Super Bowl champion Tom Brady criticised for Instagram post downplaying Covid death toll

Football star made false claim suicides outpacing coronavirus deaths

Oliver O'Connell
New York
Wednesday 28 October 2020 14:13

Super Bowl champion Tom Brady has been corrected after claiming on Instagram that the number of deaths by suicide is outpacing the number of deaths from Covid-19.

PolitiFact examined the claim by the Tampa Bay Buccaneers quarterback and found the statement false.

Mr Brady wrote: “More suicide deaths than coronavirus deaths last two months. So wash your hands and wear your masks but don’t forget to be nice to people and look after yourself.”

The post had a large “Truth” stamp in the corner.

In an average month, approximately 4,000 people die from suicide according to the National Centre for Health Statistics.

In the past 30 days, almost 22,000 have died from Covid-19.

PolitiFact, run by the Poynter Institute, is dedicated to combatting misinformation and reached out to Mr Brady to ask what the source of the information was — he did not respond.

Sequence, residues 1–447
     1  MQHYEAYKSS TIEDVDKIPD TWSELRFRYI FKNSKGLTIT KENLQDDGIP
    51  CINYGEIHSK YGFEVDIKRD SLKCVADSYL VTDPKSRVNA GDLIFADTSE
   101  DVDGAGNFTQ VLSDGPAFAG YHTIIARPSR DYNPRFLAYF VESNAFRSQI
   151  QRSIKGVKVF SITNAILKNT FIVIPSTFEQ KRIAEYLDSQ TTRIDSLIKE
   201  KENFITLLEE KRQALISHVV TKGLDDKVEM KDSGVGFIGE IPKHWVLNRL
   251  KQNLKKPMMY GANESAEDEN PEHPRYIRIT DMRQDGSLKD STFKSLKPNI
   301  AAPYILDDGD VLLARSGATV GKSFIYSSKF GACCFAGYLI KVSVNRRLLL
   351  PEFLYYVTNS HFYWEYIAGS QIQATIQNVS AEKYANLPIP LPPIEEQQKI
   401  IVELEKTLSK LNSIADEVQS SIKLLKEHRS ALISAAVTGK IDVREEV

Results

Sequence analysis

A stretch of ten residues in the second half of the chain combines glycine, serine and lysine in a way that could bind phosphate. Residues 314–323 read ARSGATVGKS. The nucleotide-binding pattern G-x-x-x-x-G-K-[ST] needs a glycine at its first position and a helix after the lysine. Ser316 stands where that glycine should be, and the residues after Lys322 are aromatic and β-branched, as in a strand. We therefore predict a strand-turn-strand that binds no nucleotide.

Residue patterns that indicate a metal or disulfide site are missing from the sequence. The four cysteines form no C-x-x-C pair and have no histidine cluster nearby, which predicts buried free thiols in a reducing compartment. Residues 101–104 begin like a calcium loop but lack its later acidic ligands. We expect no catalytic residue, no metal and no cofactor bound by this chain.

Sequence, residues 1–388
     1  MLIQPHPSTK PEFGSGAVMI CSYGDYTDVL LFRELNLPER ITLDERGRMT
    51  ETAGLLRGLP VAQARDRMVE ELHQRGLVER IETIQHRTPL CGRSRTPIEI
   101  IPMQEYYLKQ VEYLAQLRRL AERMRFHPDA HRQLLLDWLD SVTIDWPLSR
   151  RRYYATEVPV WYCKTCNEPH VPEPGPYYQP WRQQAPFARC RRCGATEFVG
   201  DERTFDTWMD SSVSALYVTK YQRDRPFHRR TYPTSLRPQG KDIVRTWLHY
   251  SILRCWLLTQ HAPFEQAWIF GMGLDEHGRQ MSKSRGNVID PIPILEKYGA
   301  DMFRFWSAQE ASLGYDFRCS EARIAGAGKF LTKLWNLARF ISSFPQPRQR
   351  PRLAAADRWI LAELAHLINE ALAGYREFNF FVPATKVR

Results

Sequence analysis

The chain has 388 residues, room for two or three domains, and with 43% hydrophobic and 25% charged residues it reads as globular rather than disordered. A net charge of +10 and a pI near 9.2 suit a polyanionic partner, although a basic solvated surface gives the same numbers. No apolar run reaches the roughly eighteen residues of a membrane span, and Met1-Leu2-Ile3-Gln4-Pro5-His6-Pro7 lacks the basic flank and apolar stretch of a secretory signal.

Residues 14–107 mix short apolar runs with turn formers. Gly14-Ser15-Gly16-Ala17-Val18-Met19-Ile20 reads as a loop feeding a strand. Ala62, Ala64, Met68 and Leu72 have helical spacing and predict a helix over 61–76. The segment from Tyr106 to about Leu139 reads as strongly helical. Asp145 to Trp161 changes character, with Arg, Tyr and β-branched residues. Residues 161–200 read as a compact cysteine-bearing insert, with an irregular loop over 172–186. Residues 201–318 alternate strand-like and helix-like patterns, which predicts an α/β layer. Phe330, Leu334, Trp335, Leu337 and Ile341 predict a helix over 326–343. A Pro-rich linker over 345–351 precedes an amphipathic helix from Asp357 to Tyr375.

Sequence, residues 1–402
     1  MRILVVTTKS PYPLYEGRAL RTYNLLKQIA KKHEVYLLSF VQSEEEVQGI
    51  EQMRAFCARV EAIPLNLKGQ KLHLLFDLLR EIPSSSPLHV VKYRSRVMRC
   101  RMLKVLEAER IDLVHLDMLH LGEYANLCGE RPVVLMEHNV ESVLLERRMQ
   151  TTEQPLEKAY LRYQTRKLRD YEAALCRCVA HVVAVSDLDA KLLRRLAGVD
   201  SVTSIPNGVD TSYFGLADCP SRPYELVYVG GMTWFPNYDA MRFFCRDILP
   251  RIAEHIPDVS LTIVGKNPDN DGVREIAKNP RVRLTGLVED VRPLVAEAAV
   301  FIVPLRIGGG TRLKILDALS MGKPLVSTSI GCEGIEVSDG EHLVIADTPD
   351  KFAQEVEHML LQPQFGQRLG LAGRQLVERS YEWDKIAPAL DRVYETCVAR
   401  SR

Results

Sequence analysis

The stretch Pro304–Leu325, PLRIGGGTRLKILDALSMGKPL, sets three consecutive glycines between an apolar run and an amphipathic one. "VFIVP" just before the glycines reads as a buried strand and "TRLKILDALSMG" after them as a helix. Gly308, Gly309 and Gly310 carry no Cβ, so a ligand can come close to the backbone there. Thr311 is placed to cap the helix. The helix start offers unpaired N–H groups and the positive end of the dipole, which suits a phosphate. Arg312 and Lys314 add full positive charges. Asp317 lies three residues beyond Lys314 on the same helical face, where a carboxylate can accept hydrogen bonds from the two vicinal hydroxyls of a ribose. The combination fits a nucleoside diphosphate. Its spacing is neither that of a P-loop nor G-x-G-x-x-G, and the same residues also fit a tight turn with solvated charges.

As the post was an Instagram story, it had expired or been taken down by the time that PolitiFact published the correction of the claim.

Social media users had already captured screenshots of the post.

Some pointed out that it echoes statements made by Donald Trump and conservatives that restrictions to stop the spread of the coronavirus were causing an economic situation that would lead to mass suicides. 

They have been accused downplaying the severity of a virus that has killed almost 230,000 Americans.

Mental health practitioners acknowledge that disruption in daily life, whether through social isolation or the loss of jobs — as seen during the pandemic — does increase the risk of suicide,  however, Mr  Brady’s statement takes this to an extreme.

There is no data on deaths by suicide for 2020, and preliminary data for 2019 shows a decline in cases.

"For this to be right, you would need a rise in the suicide rate that is just impossible," president of the American Association of Suicidology Dr Jonathan Singer told Politifact.

If you are experiencing feelings of distress and isolation, or are struggling to cope, The Samaritans offers support; you can speak to someone for free over the phone, in confidence, on 116 123 (UK and ROI), or email

In the US, contact the National Suicide Prevention Lifeline on 1-800-273-8255, or visit

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